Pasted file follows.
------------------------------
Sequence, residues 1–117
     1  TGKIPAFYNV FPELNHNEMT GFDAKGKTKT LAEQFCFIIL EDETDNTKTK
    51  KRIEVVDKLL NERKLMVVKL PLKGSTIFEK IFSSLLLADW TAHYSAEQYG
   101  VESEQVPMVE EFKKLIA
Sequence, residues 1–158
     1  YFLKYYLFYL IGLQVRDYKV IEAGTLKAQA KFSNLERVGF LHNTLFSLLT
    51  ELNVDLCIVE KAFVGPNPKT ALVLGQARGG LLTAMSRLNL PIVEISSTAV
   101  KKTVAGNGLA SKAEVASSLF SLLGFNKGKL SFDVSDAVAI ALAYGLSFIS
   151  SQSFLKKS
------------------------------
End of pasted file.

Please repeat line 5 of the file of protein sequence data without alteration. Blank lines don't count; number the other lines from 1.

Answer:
Sequence, residues 1–158